This is an action for injunctive relief arising out of alleged violations of state and local obscenity laws. N.J.S.A. 2C:34-2. Plaintiff is a municipality and defendants are merchants operating within its borders. Raised by the court's own motion are three primary questions: (1) May a court of equity enjoin the violation of state penal laws and local ordinances? (2) If not, what is the proper forum for the prosecution of violations of state obscenity laws? (3) Has the regulation of obscene material been preempted by state statute?
The factual and procedural history by which this matter comes before the court may be summarized briefly. Defendants are the owners and operators of an establishment known as "Adult World," located on U.S. Route 30 within Egg Harbor City, N.J. They operate without a mercantile license. The city initially issued a number of summonses in the municipal court,
asserting violations of its licensing and obscenity ordinances, as well as the New Jersey Criminal Code, N.J.S.A. 2C:34-2. While hearings were pending it also initiated a verified complaint and order to show cause in this court, seeking, among other things, injunctive relief. By their answer and counterclaim, defendants assert that they applied and paid for a mercantile license but were unlawfully denied, based on the city's erroneous view that the material being sold was obscene. Defendants affirmatively seek to compel the issuance of the mercantile license and to restrain the prosecution of the municipal court complaints on the ground that the local ordinance is unconstitutional. The city's application for temporary restraints was denied. By later order of the assignment judge it was also instructed to suspend the prosecution of the municipal court complaints pending further order of this court, to which all aspects of the matter were assigned.
The initial question to be determined is whether a court of equity may enjoin violations of the state penal laws or ordinances of a municipality. Ordinarily this question should be answered in the negative. Kugler v. Romain , 110 N.J. Super. 470, 488 (App.Div.1970), mod. on other grds. 58 N.J. 522 (1971); Inganamort v. Merker , 148 N.J. Super. 506, 508 (Ch.Div.1977). Absent some statutory authority and except in cases where the activity sought to be enjoined constitutes a nuisance in and of itself, injunctive relief has traditionally been denied based on jurisdictional grounds. As noted in Trisolini v. Metlsner , 23 N.J. Super. 204, 209 (App.Div.1952), "[s]uch violations are left to the agencies charged with the enforcement of the criminal law."
Prior to the adoption of the New Jersey Code of Criminal Justice, N.J.S.A. 2C:1 et seq. , an exception to the above rule existed by means of N.J.S.A. 2A:115-3.5. That statute provided specific authority for injunctive relief in obscenity cases. See G.P. Putnum Sons, Inc. v. Calissi , 86 N.J. Super. 82 (Ch.Div.1964),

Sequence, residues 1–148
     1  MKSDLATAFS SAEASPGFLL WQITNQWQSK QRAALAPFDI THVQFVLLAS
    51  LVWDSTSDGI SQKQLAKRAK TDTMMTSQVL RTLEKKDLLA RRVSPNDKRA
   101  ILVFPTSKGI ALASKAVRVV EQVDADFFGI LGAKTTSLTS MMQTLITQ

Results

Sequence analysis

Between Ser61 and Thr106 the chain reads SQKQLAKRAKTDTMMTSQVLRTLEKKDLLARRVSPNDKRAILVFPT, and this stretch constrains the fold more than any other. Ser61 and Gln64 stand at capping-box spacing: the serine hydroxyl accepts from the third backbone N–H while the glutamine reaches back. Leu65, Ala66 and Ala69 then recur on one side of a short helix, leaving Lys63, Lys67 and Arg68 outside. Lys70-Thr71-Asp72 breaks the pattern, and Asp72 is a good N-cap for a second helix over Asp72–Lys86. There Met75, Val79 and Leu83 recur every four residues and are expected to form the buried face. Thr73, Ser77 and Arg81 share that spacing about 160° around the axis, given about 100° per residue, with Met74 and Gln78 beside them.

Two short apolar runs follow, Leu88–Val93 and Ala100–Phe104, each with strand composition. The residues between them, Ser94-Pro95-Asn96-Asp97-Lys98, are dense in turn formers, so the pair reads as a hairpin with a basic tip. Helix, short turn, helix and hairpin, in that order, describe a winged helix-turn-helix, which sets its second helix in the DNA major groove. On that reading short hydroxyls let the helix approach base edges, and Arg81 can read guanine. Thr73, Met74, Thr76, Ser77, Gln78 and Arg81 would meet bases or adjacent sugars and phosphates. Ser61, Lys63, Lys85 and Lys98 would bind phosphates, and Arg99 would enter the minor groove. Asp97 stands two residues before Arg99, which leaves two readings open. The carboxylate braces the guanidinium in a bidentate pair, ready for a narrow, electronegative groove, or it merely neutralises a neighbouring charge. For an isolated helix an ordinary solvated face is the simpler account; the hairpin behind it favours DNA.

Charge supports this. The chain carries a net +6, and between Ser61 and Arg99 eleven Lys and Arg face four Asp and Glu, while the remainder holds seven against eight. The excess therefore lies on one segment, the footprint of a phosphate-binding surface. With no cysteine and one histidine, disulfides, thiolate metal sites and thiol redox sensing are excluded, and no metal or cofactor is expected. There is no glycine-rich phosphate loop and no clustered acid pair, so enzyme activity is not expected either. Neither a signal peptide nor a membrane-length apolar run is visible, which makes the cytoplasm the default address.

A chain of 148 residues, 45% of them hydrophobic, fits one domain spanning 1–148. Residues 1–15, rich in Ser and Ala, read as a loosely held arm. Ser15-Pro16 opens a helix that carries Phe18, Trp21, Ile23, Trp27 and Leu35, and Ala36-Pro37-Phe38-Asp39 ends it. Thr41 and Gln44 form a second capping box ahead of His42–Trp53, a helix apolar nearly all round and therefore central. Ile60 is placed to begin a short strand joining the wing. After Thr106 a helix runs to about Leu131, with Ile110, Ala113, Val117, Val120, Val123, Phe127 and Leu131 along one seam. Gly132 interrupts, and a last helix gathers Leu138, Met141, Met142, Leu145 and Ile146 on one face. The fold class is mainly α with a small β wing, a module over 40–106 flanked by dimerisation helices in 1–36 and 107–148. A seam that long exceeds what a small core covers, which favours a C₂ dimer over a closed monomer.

rev'd 50 N.J. 397 (1967); Keuper v. Wilson , 111 N.J. Super. 502 (Ch.Div.1970). Effective September 1, 1977, however, that provision was repealed. N.J.S.A. 2A:98-2. No similar authority presently exists. See N.J.S.A. Title 2C, Special Pamphlet, Disposition Table, at 306 (1981).
Although acknowledging the general rule, plaintiff argues that injunctive relief should be allowed here because defendants' activities constitute a nuisance. Given the present circumstances, however, that is a label which is difficult to apply. For example, there is no suggestion here of pandering. In fact, there is no display of the material at all except to those who choose to enter the store. Nor is anyone likely to enter unwittingly, since a sign clearly identifies the premises as "Adult World." This court can take judicial notice that the public is generally aware of the type of material being sold at similarly labeled establishments. Evid.R. 9(2)(d). Although the city would presumably argue that the mere sale of this material poses a "threat" to the morality of its residents, no case is cited, nor has the court discovered any, which would support the view that such activity constitutes an "actionable nuisance." Cf. G. P. Putnum Sons v. Calissi, supra. In order for plaintiff to sustain the burden on this issue, it must show that there is a "reasonable apprehension of a real and immediate danger and that a material injury will result unless defendants' activities are restrained." Inganamort v. Merker, supra , 148 N.J. Super. at 508-509. There has been no such showing, nor has a factual question been created in that regard. The general rule thus applies and plaintiff may not invoke the equitable powers of this court to enjoin the activities of defendants.
The conclusions related above do not mean that defendants' actions, if unlawful, need go on unimpeded. The question
yet to be resolved, however, is what is the appropriate forum for the prosecution of obscenity cases. Normally, violations of local ordinances and disorderly persons offenses are appropriate subjects for disposition in the municipal court. N.J.S.A. 2A:8-21; R. 7:1 et seq. However, while such a remedy is normally sufficient for a licensing violation, given defendants' right to a jury trial,*fn1 it is not adequate for an obscenity charge. N.J.S.A. 2C:34-2. The resolution of this dilemma is not contained within the Criminal Code, nor do there appear to be any reported cases on the subject. The court is not without guidance, however. Coincidental with the implementation of the ...